A Writer’s Life, in passing

Last month, a writer I knew passed away. It was a sadly familiar tale of misdiagnosis, radical and aggressive treatment, apparent respite, then recurrence, treatment, recurrence, and so on. Each treatment seemed more debilitating. Each respite less certain. Throughout this lengthy ordeal, Tracie kept writing.

I didn’t know her well. Or rather, I only knew her well as a writer. We met for the first time in late 2010. I was joining an already established writing group, a group of which she was a member. They had been together for a few years, meeting each month, sharing and critiquing each other’s work. I was fortunate they took me on. Eight years later, we still submit a short portion of what we have been writing recently to the others for comment.

I’ve been going back over the pieces I submitted to the group through the years in order to recall Tracie’s typical comment. She was naturally good-humoured herself and loved writing that raised a chuckle. “Funny!” she would write in the margin. “Too much!” But she also, perhaps due to her career as a family therapist, knew when you were getting to the truth of an experience.

Back when I first joined the group, Tracie was mostly submitting poetry. But once she submitted something entitled, “A Short Story.” That short story grew. And grew. And grew. A novelist was emerging. Later there was another novel, still being written furiously over this last year. And there was also Pecky.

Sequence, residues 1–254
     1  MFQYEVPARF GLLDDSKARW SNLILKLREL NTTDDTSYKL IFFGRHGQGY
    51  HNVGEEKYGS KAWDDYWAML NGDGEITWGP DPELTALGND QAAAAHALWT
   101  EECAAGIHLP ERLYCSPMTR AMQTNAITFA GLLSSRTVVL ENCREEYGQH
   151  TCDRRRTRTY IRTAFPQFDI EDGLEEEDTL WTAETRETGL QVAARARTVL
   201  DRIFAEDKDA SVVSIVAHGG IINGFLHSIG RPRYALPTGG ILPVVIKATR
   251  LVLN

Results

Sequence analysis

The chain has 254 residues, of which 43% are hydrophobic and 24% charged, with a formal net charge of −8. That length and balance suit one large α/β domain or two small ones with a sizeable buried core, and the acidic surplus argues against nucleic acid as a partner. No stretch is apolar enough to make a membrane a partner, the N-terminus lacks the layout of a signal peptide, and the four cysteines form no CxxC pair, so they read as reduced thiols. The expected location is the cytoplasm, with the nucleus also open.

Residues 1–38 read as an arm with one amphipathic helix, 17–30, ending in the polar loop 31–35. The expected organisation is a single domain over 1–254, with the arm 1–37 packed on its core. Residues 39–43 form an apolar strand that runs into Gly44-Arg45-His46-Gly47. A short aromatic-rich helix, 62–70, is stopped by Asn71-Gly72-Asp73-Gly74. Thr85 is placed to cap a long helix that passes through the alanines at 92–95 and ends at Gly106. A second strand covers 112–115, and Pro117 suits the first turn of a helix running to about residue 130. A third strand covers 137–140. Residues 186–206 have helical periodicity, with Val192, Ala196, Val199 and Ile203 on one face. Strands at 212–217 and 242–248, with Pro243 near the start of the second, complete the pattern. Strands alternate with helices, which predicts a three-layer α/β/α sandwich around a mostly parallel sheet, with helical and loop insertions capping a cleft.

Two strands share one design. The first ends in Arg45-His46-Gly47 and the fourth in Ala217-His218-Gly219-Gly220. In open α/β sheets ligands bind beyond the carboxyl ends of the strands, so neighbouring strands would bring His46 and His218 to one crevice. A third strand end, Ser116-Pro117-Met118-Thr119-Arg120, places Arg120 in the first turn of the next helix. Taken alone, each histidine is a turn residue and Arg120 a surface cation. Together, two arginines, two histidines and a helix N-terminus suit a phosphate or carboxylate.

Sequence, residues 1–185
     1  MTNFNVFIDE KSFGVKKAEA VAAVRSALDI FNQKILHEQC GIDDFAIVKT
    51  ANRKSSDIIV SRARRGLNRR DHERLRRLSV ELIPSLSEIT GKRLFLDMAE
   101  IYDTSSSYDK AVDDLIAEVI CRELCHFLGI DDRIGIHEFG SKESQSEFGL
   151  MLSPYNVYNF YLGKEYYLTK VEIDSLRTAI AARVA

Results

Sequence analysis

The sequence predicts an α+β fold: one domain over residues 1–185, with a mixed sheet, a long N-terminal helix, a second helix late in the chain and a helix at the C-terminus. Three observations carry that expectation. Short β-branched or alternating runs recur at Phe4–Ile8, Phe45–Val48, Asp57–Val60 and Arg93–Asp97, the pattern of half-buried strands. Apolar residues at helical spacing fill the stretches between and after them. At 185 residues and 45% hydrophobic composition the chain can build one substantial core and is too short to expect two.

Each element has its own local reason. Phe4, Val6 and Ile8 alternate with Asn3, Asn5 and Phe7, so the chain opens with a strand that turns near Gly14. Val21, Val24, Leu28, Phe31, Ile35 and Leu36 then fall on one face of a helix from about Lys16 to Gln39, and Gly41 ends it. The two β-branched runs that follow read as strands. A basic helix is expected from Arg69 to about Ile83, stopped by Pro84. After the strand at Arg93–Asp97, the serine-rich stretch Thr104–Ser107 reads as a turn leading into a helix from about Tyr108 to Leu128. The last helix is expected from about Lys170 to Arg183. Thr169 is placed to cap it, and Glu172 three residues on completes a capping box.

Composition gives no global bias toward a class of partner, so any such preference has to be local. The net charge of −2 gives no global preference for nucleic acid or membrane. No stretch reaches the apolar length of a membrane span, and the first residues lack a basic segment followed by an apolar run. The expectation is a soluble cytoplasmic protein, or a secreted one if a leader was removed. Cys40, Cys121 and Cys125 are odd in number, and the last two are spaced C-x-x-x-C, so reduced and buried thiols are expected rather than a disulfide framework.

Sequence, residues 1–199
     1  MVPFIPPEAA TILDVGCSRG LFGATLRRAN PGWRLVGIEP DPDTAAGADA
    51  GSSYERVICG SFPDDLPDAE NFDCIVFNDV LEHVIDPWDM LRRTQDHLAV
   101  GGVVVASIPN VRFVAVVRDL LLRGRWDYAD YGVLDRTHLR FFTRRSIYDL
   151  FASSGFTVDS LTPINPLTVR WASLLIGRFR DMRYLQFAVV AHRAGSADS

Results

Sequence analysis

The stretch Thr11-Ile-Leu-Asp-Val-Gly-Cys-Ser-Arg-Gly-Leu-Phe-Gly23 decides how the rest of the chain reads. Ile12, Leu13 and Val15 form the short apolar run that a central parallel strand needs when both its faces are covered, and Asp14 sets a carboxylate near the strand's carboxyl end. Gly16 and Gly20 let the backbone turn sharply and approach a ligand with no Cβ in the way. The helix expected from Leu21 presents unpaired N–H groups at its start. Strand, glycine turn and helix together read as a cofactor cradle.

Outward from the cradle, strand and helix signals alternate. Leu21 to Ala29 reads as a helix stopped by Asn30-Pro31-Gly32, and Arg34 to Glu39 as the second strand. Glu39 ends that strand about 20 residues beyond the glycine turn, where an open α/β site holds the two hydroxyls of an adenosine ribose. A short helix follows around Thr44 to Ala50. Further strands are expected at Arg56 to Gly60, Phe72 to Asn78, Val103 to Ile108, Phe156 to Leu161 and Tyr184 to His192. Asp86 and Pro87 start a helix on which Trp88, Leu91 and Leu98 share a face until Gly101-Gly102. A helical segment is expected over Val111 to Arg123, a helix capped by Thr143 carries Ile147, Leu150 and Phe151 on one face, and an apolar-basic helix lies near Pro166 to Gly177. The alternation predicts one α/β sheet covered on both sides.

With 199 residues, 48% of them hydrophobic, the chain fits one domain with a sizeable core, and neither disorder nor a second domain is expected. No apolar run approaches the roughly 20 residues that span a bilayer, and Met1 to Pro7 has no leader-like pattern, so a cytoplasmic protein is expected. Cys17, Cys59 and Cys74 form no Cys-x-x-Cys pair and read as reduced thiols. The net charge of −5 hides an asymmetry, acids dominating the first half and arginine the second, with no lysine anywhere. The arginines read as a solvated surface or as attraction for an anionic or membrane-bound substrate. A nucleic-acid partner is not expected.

Some time in 2016 we read the first of the Pecky books. Pecky is a talking duck who lives with a family in the suburbs but who has another life as a Hollywood star. “Funny!” It turned out that Pecky was a perfect vehicle for Tracie. She poured her time into the Pecky books, found a wonderful illustrator in Shirley Fowley, and managed the process of production, publication, publicity and distribution. Tracie’s readings at local bookstores were special events, complete with a real life Pecky who accompanied Tracie. Later Pecky would travel to Yellowstone, the Everglades, even Ottawa. “Too much!”

Tracie’s enthusiasm for writing, her generous critiques, her busy full life even through the worst of these past two years — I’ll always remember. She wrote for the love of it. And though I know she did many other things well — therapist, musician, mother — it was as a writer that I knew her. She will be missed.

Tracie Klaehn’s homepage.

Posted in books.

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